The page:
Administrative action against Deputy Superintendent Ron Ciranna is linked to a project that doubled in budget and scope before its launch in early July.
Starting in late 2015, the district planned to upgrade its software for business management, known as an enterprise resource planning system, for the first time since 1999. The project was supposed to cost about $10 million and finish by April 2017.
Manataee’s new ERP system went live on July 1, more than a year after the original go-live date, and it cost more than $19 million.
Ciranna, deputy superintendent of business services and operations, was placed on administrative leave Monday, according to a brief statement from district attorney Mitchell Teitelbaum. District spokesman Mike Barber declined to answer follow-up questions, citing a state law that labels misconduct investigations as confidential until they close.
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School board chairman Scott Hopes released his own statement on Monday night, clarifying the reason for Ciranna’s paid administrative leave.
He said the district is concerned about “payments and scope of work related to the ERP process that may not have gone through proper authorization.”
“This investigation is in an early stage and Mr. Ciranna will have a full opportunity to respond to the concerns as part of the investigation and no conclusions regarding the program or Mr. Ciranna should be drawn until all the facts are in,” his email states. “The District’s commitment is to ascertaining the facts in a fair and impartial basis as quickly as is possible.”
Along with a host of other tasks, district employees will use the system to check their pay stubs, enroll in benefits, request vacation days or update their personal information. Much of their work was previously done on paper.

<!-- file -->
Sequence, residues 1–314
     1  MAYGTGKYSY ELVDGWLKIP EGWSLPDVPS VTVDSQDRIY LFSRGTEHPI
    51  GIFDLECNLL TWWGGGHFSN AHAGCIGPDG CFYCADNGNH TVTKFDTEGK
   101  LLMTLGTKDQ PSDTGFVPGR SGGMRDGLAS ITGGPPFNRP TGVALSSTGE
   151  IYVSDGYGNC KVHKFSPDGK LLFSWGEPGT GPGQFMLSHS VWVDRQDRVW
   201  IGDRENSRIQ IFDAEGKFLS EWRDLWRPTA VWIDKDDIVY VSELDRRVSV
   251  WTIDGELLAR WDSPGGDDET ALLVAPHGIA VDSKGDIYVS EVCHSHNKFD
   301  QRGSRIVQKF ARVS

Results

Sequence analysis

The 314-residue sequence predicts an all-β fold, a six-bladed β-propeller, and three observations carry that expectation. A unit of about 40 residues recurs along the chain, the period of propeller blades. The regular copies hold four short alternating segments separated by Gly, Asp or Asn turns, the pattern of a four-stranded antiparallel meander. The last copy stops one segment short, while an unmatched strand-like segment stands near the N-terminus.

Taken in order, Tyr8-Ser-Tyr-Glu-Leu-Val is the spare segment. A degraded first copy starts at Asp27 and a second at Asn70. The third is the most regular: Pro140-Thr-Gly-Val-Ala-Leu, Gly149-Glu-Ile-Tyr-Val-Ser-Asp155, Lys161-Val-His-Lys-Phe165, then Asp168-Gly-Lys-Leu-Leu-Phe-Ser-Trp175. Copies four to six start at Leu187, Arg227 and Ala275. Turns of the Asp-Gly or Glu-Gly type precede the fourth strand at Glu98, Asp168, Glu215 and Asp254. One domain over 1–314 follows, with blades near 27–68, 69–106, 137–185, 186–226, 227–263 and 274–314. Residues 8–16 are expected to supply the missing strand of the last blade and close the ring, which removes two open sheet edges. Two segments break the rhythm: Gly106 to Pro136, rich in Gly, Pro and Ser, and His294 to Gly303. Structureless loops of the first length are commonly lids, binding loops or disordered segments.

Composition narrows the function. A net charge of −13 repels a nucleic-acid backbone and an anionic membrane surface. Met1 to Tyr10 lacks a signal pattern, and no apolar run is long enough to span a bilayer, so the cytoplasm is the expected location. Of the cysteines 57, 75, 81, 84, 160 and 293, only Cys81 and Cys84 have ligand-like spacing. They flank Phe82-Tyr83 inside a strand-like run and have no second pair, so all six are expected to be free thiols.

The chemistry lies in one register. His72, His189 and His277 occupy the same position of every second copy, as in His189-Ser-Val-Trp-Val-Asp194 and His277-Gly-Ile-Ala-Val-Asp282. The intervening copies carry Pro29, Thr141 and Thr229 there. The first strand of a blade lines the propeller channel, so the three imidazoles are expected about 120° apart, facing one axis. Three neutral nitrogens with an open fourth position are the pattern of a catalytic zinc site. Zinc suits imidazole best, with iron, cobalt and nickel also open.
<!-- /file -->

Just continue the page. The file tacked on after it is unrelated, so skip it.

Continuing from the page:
Ciranna offered his heartfelt thanks to the ERP team during a June 26 school board meeting. He said the system would revolutionize Manatee’s business operations for the next two decades.
He did not return a request for comment on Tuesday afternoon.
“They’re the backbone of this district — they’re taking us to the 21st century,” he said in June. “They are committed, they are dedicated, and what has impressed me is they’ve taken on this project with very little oversight from us.”
The project expanded to include Manatee Technical College and other accounts. However, the delay also resulted from dozens of “highly complex” issues that needed a solution, according to an internal audit that was presented to the school board on July 25, 2017.
Understaffing and poor communication only made the problems worse, according to the report.
“In addition, the project team continues to learn of new interfaces and software programs being purchased by the District that were not vetted through the project team prior to the decision for purchase,” the report states.
In June 2017, Ciranna said he needed more money to support the project. School board members unanimously approved the $4.25 million increase on Oct. 24, bringing the expected cost to at least $19.3 million.
“Any time you have a project of this magnitude you are dealing with a lot of different concerns,” Ciranna previously said. “One is that the implementation has to follow board policy, it has to follow collective bargaining agreements, and it has to follow best practices and state statutes and guidelines.”
Ciranna joined the district in 2016, inheriting the ERP project from Don Hall, the previous deputy superintendent of operations. Ciranna has vast responsibilities in the district, including oversight of human resources, finances, construction services and transportation.
The current superintendent, Cynthia Saunders, recently left her role as deputy superintendent of instructional services. It seems she will enter the new school year without her top deputies.
In an emailed reply to questions from the Bradenton Herald, Saunders indicated she was not worried about being short-handed as the district prepares for the start of a new school year.
“We have a team of talented and dedicated leaders on both the instructional and operational sides of our school district. Like any organization during times of transition or absence, we will draw on the experience and skills of all our team members to accomplish our goals,” Saunders said.
“Right now, we are fully focused on getting the new school year off to a strong start and I am fully confident we have the people in place to make that happen.”